Good news, it can. You can define the linkage of declarations in the code. By default linkage is C++ so overload works as described above. When you want to #include a C header, you will have to tell the C++ compiler that the linkage of the declarations is C, not C++. Most of the time you will find these lines in the beginning of a C header intended to be used from C++.

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    // Remember this is a C header so protect ourselves when this is compiled using C
    #ifdef __cplusplus 
    // This 'extern "C"' syntax is only valid in C++, not in C.
    extern "C" { 
    // From now everything has C linkage. 
    #endif
    
    /* Library declarations in C */
    
    #ifdef __cplusplus 
    // Close the brace opened above
    }
    #endif
    

    Virtual member functions and virtual tables

    Finally one of the, in my opinion, most confusing link errors when using a C++ compilers: virtual table unresolved references.

    Virtual member functions are, in C++ parlance, polymorphic methods of other programming languages (like Java). Virtual member functions can be overridden by derived classes (descendant classes) thus when called, they must be dispatched dinamically.

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    struct A
    {
        virtual void vmf(float*);
        virtual void vmf2(float*);
    };
    struct B : A
    {
        virtual void vmf(float*);
        virtual void vmf3(float*);
    };
    
    virtual B::vmf(float*)
    {
        // Code
    }
    
    void g(A* pa, float *pfl)
    {
      // Dynamic dispatch 
      // we don't really know if A::vmf or B::vmf will be called
      pa->vmf(pfl);
    
      // Static call to A::vmf since we qualified the function being called
      pa->A::vmf(pfl);
    
      B b;
      // Static call to B::vmf, no doubts here since the dynamic type (in memory)
      // of 'b' and its declared type must be the same
      b.vmf(pfl);
    
      A& ra(*pa);
      // Dynamic dispatch again
      ra.vmf(pfl);
    }
    

    Dynamic dispatch is implemented using a virtual method table (or vtable). Every class with virtual methods (called a dynamic class) has a vtable. This vtable is a sequence of addresses to member functions. Every virtual member function is assigned an index in this table and the addresses points to the function implementing the virtual member function for that class. For instance class A above has two member functions vmf and vmf2. The vtable of A, then will have two entries, 0 and 1, and will point to the functions A::vmf and A::vmf2 respectively. The vtable of B will have three entries, 0, 1, 2, that will point to functions B::vmf, A::vmf2 and B::vmf3 respectively.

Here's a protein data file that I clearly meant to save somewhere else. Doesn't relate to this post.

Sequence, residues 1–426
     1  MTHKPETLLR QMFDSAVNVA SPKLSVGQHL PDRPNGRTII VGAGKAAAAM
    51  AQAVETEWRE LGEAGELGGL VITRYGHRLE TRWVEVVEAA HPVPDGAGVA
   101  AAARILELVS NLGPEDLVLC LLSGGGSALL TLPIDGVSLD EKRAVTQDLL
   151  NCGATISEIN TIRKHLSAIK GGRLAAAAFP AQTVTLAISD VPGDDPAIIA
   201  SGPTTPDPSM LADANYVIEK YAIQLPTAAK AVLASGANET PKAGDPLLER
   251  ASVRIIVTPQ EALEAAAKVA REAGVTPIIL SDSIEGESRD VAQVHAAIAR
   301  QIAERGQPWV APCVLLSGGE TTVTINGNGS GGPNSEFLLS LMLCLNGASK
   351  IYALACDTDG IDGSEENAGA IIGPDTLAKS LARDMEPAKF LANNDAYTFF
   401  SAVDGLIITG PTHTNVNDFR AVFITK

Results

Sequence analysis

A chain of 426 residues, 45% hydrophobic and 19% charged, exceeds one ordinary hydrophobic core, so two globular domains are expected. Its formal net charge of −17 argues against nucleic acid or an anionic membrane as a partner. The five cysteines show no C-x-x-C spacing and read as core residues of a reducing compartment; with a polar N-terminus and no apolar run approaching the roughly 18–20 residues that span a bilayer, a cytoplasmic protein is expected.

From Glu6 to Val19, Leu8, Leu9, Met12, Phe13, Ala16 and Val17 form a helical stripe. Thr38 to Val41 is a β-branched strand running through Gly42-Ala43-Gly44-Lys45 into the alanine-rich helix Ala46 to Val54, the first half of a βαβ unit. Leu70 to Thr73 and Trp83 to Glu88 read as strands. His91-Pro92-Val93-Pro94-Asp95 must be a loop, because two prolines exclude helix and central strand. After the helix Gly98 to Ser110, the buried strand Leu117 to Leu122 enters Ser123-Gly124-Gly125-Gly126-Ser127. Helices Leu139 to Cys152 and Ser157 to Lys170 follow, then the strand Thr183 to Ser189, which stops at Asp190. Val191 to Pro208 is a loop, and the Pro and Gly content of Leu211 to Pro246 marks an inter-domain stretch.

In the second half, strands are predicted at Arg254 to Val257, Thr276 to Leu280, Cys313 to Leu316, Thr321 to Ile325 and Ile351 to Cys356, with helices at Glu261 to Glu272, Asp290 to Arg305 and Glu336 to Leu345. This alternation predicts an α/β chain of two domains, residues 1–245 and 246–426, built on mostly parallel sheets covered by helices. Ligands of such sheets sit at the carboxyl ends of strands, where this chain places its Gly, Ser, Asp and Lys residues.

Every object of a dynamic class has a hidden data member (called the virtual pointer) that points to the vtable of its class. When C++ specifies that a call goes through dynamic dispatch (in C++ parlance, a call to the ultimate overrider), we do not call directly any function but instead, through this hidden data member, we reach the vtable and using the index of the virtual member function being called, we retrieve the entry containing the addresses to the real function. Then this addresses is used in an indirect call.

    Since both the virtual table and the virtual pointer are hidden from the eyes of the developer, sometimes errors in our code may cause link errors.

    The compiler does not emit a vtable

    This may not apply to all C++ compilers, but usually a C++ compiler only emits a vtable when it finds a definition of a virtual member function. Note that virtual member function definitions for a given class may be scattered in several files. Magic happens again so more than one definition of the vtable of a given class in several files does not become a problem at link time.

    But, what if you forget to define all virtual functions? This may look contrived but in my experience this may happen by accident. The problem lies on the error at link time, which is really confusing.

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    struct A
    {
        int x_;
        A(int x) : x_(x) { }
    
        // We forget to define A::foo
        virtual void foo();
    };
    
    void quux(A* a)
    {
        // Dynamic dispatch
        a->foo();
    }
    
    int main(int argc, char * argv[])
    {
        A a(3);
        quux(&a);
    }
    

    If you compile and link this with g++ (I use -g since it improves link error messages by using the debugging information).

    $ g++ -o prova test.cc -g